Alumna Elizabeth Dunn’s devotion to disaster preparedness

| Departments, Featured News, Global Health, Monday Letter, Our Alumni

In 2008 USF College of Public Health alumna Elizabeth Dunn was volunteering with the Center for Peacebuilding in Bosnia and Herzegovina, helping to build conversations in the community to assist with the need for transitional justice.

She assisted families that lost loved ones in the war and women who had been held in rape camps for months.

Dunn had just earned two bachelor’s degrees from USF in economics and international studies, but she said something was missing from her repertoire of knowledge to help in times of disaster.

USF Health

Elizabeth Dunn, MPH. (Photo by Sandra Roa, USF Health Office of Communications)

“There is a need for recovery and development in a city that has been completely destroyed after war,” Dunn said. “From the infrastructure to the mental health components; that’s where I learned that public health is really what all that entails and encompasses.”

Her interest in economic development showed her that in order for individuals to contribute to the economy, they have to be not only educated, but healthy.

It was with that notion that she decided to pursue her master’s degree in global disaster management and humanitarian relief from the Department of Global Health.

“It was in perfect alignment with what I’m passionate about and interested in,” Dunn said of the program. “I worked a lot with refugees and post-disaster recovery, so when you’re looking at public health areas, you might find a program that looks at disaster management, but it usually focuses on natural disasters, not necessarily conflict or manmade disasters. Nothing compared to the program USF offered.”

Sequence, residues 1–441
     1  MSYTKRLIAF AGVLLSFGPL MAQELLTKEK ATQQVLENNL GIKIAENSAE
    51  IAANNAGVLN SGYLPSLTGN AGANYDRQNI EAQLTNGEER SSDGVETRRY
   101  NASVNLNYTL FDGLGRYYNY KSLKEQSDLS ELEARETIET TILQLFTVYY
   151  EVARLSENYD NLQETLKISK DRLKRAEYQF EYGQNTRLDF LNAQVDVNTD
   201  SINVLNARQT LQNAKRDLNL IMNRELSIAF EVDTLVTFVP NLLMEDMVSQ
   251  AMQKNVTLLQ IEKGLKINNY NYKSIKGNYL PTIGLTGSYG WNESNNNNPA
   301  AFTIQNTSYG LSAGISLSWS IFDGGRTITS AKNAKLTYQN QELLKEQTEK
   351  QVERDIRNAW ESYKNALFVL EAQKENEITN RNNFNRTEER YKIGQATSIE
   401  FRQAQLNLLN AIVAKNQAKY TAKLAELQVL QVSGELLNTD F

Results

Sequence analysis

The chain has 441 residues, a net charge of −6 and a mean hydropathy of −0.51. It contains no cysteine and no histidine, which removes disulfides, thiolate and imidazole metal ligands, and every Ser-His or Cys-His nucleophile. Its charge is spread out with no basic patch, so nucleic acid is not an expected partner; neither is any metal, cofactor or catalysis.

Dunn became one of the first graduates of the program earning her MPH in 2011.

“Every single class I took was very exciting and you can see how it applies to the field and what you’re passionate about,” she said. “I got to work with amazing faculty who have been doing research and field work that was so eye opening.”

She fondly recalls Global Health’s Dr. Wayne Westhoff, former associate professor, and Dr. Jamie Corvin, assistant professor, during the course of her degree.

“[Wesfhoff and Corvin] took me under their wing and gave me a good understanding of the field of disaster recovery and how to conduct a community needs assessment,” she said. “They gave me a real understanding of global health in the field.”

E. Dunn Belize